A spigot mortar bomb was found on Teignmouth beach in Devon yesterday, forcing the Police to put in place a 300m safety cordon around a popular seaside hotel. A Royal Navy Explosive Ordnance Disposal (EOD) team was called to the scene where they declared the device safe and removed it.
Spigot mortar emplacements were erected in their thousands across the UK during WWII in anticipation of a German invasion. They were initially manned by regular troops and then subsequently by the Home Guard.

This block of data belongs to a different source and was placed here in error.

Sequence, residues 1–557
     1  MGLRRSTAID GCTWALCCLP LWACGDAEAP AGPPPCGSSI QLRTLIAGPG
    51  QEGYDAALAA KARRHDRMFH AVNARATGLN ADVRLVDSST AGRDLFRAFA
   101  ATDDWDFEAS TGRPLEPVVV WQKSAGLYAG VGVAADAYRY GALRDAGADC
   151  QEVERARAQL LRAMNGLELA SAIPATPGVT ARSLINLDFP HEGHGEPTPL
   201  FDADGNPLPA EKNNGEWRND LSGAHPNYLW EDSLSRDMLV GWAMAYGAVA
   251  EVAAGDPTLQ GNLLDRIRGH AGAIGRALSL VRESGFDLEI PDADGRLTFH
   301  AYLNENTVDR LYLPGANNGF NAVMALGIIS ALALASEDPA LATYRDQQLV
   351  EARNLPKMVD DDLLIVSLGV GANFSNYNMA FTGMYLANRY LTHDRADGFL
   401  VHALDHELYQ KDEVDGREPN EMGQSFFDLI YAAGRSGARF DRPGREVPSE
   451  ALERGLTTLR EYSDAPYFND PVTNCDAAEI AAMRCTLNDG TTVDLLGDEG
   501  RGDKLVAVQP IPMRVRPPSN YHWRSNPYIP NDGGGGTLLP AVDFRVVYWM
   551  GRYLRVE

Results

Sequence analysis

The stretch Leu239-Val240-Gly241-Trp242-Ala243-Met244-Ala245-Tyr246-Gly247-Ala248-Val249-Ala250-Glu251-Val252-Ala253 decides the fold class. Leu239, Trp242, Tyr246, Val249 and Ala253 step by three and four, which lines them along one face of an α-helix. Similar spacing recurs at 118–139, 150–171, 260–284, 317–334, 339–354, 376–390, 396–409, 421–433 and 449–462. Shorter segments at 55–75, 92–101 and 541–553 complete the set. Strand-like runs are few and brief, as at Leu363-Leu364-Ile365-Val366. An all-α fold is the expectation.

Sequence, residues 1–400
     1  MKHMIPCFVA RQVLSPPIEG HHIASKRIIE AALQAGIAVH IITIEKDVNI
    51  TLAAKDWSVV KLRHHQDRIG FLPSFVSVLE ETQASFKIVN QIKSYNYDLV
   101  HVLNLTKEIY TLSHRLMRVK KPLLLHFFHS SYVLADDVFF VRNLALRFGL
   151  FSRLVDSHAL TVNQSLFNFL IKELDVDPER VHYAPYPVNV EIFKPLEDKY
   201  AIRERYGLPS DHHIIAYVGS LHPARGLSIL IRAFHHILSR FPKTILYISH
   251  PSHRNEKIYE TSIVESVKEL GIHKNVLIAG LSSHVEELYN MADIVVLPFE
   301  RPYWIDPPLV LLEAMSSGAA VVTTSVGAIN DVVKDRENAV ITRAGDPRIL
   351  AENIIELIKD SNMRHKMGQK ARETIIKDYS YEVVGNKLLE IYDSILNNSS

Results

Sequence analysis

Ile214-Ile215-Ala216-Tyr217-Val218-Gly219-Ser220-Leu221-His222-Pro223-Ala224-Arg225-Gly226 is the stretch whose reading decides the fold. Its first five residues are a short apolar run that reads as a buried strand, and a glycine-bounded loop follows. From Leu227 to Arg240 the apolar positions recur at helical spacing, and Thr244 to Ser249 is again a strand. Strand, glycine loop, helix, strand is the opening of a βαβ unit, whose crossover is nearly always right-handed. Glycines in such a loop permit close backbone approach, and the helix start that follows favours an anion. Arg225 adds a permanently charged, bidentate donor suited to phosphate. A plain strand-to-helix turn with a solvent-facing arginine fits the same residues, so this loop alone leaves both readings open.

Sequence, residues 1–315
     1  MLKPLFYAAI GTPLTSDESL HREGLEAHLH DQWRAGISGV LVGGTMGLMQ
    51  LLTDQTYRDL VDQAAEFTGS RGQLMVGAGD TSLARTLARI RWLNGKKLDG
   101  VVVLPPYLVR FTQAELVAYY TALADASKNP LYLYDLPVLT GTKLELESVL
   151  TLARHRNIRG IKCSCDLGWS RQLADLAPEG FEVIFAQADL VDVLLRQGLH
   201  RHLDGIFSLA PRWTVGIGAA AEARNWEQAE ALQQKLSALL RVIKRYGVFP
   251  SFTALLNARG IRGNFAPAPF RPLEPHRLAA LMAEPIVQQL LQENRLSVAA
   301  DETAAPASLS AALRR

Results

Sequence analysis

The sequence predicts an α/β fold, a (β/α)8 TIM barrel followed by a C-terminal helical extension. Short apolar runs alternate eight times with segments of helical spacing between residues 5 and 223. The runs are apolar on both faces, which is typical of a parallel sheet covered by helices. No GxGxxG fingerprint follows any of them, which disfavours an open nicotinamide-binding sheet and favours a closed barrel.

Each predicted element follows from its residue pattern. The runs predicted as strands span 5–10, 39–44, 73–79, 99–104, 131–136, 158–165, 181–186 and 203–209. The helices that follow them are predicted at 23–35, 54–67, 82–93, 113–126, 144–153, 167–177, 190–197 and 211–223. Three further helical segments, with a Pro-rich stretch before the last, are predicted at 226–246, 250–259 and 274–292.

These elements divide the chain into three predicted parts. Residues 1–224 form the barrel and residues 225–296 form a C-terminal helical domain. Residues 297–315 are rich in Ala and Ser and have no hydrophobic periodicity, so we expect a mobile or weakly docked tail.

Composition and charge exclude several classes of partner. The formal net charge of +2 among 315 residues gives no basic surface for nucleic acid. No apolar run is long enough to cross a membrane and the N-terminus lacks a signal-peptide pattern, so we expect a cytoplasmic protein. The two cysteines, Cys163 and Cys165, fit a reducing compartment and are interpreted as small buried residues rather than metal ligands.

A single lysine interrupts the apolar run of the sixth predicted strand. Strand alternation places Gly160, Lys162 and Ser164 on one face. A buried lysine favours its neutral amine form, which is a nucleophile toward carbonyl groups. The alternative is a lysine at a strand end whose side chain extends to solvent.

The spigot mortars could be both fixed or mobile, the mobile version popularly known as a ‘Blacker Bombard’. These weapons typically fired a 20lb high explosive mortar bomb and were to be used primarily in an anti-tank role at road blocks or to defend airfields.
Approximately 22,000 Bombards were produced by mid-1942 and many of their fixed pedestals were installed, several of which still survive. Many were established along beaches which were, of course, the initial point of any invasion. It is likely that the Teignmouth discovery is a remnant from those fearful days of 1940.